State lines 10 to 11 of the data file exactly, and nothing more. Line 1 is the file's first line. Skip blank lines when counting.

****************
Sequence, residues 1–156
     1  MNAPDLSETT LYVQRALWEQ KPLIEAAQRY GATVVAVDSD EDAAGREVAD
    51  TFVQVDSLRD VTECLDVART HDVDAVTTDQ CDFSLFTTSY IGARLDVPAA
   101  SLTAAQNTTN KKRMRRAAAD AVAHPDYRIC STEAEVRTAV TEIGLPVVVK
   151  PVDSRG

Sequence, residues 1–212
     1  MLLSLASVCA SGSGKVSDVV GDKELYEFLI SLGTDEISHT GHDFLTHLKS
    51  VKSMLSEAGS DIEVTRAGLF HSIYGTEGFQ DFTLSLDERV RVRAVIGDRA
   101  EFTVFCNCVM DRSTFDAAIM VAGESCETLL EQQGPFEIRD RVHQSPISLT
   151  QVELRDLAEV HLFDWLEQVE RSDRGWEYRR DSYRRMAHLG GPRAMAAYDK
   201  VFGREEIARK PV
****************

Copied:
   151  QVELRDLAEV HLFDWLEQVE RSDRGWEYRR DSYRRMAHLG GPRAMAAYDK
   201  VFGREEIARK PV